TAMPA — MAD Theatre makes a habit of taking on quirky musicals that would be beyond the reach of most community theater companies. They're often shows unfamiliar to the masses, with scores that require a lot of great voices.
That makes the successes especially memorable. And when shows miss their mark, the intentions and ambitions make the audience want to embrace the performance.
The latest offering from MAD is called A New Brain, and although it misses its target, it has an undeniable appeal, thanks largely to a noble cast that tries its best to handle the thematically and musically difficult material.
William Finn, who's best known for Falsettoes and The 25th Annual Putnam County Spelling Bee, wrote A New Brain after his experience with serious brain surgery. It's essentially all songs, with almost no dialogue, and relates the story of a work-for-hire songwriter (played by Marcus Blake) facing mortality and yearning to create the art he had always aspired to.
Meanwhile, he's haunted by hallucinations, including the children's TV character (a man dressed as a frog) for whom he writes saccharine songs, and a homeless woman he encounters on the street. Real-life people (including his partner, his mother, his agent) visit him as well.
Because the story is told in song, it's kind of hard to keep it all straight, and sometimes it's unclear who is a specter and who is flesh-and-blood.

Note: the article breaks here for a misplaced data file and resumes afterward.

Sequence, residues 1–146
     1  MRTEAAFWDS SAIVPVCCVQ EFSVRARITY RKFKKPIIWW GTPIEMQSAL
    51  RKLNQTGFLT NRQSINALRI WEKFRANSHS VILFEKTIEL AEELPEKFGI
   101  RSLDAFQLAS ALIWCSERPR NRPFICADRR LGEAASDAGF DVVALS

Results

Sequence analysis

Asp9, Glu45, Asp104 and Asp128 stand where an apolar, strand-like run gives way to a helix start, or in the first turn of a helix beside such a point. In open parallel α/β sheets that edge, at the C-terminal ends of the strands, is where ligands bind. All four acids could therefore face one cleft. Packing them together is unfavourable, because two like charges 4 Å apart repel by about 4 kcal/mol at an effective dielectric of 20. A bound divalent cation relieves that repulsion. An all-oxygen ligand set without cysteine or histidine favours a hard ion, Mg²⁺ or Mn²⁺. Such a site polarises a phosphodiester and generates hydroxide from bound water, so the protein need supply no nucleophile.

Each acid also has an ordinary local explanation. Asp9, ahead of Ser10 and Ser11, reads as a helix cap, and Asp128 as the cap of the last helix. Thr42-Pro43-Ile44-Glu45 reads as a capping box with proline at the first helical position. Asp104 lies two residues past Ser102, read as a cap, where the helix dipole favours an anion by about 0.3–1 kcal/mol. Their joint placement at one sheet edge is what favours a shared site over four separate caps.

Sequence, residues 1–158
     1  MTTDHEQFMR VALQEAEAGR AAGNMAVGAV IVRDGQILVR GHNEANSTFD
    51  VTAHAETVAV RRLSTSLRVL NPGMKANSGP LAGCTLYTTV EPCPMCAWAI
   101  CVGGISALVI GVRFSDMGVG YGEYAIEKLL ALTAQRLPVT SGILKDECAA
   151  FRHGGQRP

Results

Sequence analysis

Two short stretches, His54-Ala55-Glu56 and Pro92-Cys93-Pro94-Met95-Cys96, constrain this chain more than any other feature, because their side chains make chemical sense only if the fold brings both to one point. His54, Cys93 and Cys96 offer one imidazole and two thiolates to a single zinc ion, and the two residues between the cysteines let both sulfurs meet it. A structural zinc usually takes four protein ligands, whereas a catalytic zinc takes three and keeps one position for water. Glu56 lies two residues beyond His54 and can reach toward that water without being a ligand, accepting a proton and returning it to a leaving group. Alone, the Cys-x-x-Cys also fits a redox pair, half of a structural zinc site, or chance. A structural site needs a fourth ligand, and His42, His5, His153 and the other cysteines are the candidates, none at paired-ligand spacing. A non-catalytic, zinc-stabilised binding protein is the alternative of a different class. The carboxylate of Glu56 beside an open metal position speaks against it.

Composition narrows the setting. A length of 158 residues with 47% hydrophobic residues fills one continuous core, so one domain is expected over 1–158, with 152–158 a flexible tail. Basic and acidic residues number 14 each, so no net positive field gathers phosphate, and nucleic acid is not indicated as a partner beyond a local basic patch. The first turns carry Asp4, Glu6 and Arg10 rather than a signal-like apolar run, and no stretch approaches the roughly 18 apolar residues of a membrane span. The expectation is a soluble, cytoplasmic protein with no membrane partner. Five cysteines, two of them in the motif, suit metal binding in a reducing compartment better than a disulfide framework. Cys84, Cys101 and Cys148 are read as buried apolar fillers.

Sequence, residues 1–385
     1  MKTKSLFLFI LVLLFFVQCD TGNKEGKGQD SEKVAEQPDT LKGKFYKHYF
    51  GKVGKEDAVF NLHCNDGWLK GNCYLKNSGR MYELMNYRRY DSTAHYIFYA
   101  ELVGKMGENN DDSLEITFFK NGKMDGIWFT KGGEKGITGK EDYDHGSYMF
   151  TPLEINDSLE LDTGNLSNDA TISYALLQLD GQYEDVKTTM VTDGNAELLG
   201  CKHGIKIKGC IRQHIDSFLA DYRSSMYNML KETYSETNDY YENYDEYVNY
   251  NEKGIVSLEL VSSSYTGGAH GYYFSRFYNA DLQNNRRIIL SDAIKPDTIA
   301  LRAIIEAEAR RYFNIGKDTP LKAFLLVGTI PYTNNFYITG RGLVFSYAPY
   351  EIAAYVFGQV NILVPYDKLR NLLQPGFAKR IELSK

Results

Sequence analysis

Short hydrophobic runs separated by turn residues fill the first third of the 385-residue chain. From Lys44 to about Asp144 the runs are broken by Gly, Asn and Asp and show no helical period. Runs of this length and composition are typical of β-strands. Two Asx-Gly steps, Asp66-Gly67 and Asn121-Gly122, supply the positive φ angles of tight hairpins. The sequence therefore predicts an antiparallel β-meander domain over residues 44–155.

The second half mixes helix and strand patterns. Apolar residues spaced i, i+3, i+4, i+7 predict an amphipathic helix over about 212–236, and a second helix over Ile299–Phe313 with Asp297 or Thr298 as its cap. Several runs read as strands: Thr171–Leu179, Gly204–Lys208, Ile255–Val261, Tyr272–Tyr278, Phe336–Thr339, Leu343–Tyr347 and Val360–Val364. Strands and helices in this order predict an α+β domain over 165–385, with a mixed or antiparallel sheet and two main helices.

A more critical problem, though, is that the songs are unexceptional. There are few lyrical lines that catch your attention, but no melodies remain with you after you leave the theater.
The score is obviously vocally demanding, and the 11-person cast handles it pretty well. LaToya McCormick is a clear standout as the homeless woman; she wields a powerful voice that can hold a note endlessly with no trace of vibrato and has a palpably appealing stage presence.
The other cast members all perform admirably. There are some scattered flat notes, but just as many fine moments when the singers truly nail a song. Bonnie Smith, as the composer's mother, has an especially memorable solo. A five-person band, which plays almost continually for the entire show, does solid work as well.
One reason community theaters often shy away from a musical is the difficulty of finding performers who can sing, act and dance. The performers in the cast of A New Brain seem to be primarily singers, and they're noticeably uncomfortable and self-conscious, even embarrassed, when they're dancing. And most of them seem to lack enough experience to feel comfortable on stage even when they're just singing. Blake, in the lead role, and Ashlyn Gentile as a nurse are exceptions.
Another problem, perhaps more subtle but dramatically more bothersome, is a profound lack of chemistry between Blake and Paul Rubino, who plays his life partner. Their scenes together are noticeably stiff.